In 1996, when the first war in DR Congo broke out, we fled our house in Bukavu to return to my hometown village, Mulamba, Walungu. In the early stages of the ongoing eight-year conflict in DR Congo, the villages were more secure than the cities. By 1998, the conflict had reached the villages that were once safe.
In February of 1998, rebels invaded our village and killed my husband. We did not find his body until three days later. Despite his death, I did not leave because I didn't have the means to do so. For a while there was complete silence and security. Life had resumed to some degree of normality. Schools had reopened and the population resumed their lives.
One day in 2003, at around eleven at night, we heard footsteps around the house. I was in bed with my three girls. My boy was in another room with my mother-in-law. The military knocked on the main door, so I went to back door, intending to flee. I had no idea where I would go. The militaries had already come through the front door, and when I opened the back door, the commander of the operation stood in front of me. They had encircled the house. When he saw me, he said, "Here is a beautiful woman." He knew that I was a widow. Not too far from my house was a camp of Rwandan refugees of the Hutu ethnic group who had fled Rwanda following the 1994 genocide. I believe they told him that my husband had passed away.
He told me that he loved me and he wanted me to be his wife. I refused and resisted his advance. He grabbed me by the hand and took me to the kitchen, which was in a separate annex. He ordered the other men with him to lock my mother-in law and the kids in the house. He told me that he was not going to leave me, that he was in love with me and wanted to make me his wife. He tied my hands in the back and pushed me on the floor. He took off his clothes, then ripped off mine. He got on top of me and ordered me to make love to him in the same manner I made love to my husband. He said for me to do what it takes to please him. He finished what he had to do. I was on the floor with my hands tied behind my back. After he rested a bit, he got on top of me a second time. The third time, he untied me. I asked him to forgive me and to let me go, but he refused and said that he loved me. He asked me where I hurt. I told him that I was hurt all over. He placed me on my stomach and raped me again from the back. He said he wanted the whole village to know that I had become his woman. I begged him not to tell anyone, knowing the shame and scandal that would follow. He insisted that he wanted the whole village to know because he loved me. I was saved because the local resistance group in our village, Mundundu 40, had come. Upon hearing the news of the arrival of the Mundundu 40, he fled with his men. He promised he would come back for me.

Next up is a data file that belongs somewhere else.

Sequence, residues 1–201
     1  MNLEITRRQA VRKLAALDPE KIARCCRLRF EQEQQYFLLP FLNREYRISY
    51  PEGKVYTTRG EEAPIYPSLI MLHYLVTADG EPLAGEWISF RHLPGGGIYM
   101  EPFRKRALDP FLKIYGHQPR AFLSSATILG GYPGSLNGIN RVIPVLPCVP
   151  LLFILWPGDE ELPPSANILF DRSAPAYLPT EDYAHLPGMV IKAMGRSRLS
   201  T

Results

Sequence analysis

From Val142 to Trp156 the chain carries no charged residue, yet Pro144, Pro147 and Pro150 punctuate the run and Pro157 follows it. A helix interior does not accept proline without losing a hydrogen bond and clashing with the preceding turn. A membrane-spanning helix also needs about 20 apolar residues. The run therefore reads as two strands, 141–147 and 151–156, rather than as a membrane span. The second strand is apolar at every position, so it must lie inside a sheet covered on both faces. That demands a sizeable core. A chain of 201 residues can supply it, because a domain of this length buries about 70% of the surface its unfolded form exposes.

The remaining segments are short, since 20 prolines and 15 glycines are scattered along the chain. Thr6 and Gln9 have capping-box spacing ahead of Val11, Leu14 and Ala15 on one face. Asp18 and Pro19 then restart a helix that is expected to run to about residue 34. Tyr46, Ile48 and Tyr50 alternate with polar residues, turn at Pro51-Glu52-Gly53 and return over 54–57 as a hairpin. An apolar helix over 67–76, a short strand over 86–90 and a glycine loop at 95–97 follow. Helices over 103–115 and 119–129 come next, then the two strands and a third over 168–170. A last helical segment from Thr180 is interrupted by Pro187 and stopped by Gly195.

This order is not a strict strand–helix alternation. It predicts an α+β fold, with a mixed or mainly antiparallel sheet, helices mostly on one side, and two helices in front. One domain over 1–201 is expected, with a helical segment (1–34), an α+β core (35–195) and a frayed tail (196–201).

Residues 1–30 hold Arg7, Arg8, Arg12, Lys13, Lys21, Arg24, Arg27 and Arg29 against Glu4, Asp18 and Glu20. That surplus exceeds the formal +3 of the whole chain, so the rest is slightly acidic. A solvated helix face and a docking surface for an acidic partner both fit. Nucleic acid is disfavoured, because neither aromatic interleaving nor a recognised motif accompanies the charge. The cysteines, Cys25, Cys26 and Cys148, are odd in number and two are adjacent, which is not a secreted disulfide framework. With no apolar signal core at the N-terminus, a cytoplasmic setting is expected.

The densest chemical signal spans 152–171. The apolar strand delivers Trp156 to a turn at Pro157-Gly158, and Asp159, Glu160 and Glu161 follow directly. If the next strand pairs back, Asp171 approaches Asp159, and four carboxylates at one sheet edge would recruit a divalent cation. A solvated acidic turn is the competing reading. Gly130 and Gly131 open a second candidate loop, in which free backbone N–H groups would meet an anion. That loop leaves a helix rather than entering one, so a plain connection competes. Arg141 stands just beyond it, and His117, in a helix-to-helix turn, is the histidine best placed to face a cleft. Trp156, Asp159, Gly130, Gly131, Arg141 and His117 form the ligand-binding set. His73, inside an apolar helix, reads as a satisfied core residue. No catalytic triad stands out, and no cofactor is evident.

My mother in-law and children thought that I had been killed, so they were happy to see me alive. I told my mother-in-law that we needed to leave this village; I was afraid they would come back. I could not tell her what had happened. We traveled to another village, Lubona, about 40 kilometers away. After three days in that village, I fell gravely ill.
I went to a hospital in Lubona. When I arrived, the doctors said they could not care for me. I needed to go to the Hospital Panzi in Bukavu. There I learned that my urinary tract was destroyed. I have no control when I pee. Imagine such a life. I live in constant fear--fear of the unknown, fear that at any time they could come for me again. I relive that dreadful experience every night.
I thank God for bringing [Women for Women International] here in DR Congo. In the [Women for Women International] program, particularly training, it's like a new door has opened for me to rebuild my life. Despite what has happened to me, I think being in this program will help to regain my dignity. It's like you have brought a light to those of us who have been marginalized and excluded; who had lost hope and a purpose to live. But since I have been welcomed here by this office and the people here have expressed an interest in me, me who thought that I had no value, and here you were interested in me. I didn't understand why. For this reason, I encourage Women for Women to be interested in other women who suffer; to give them hope to live.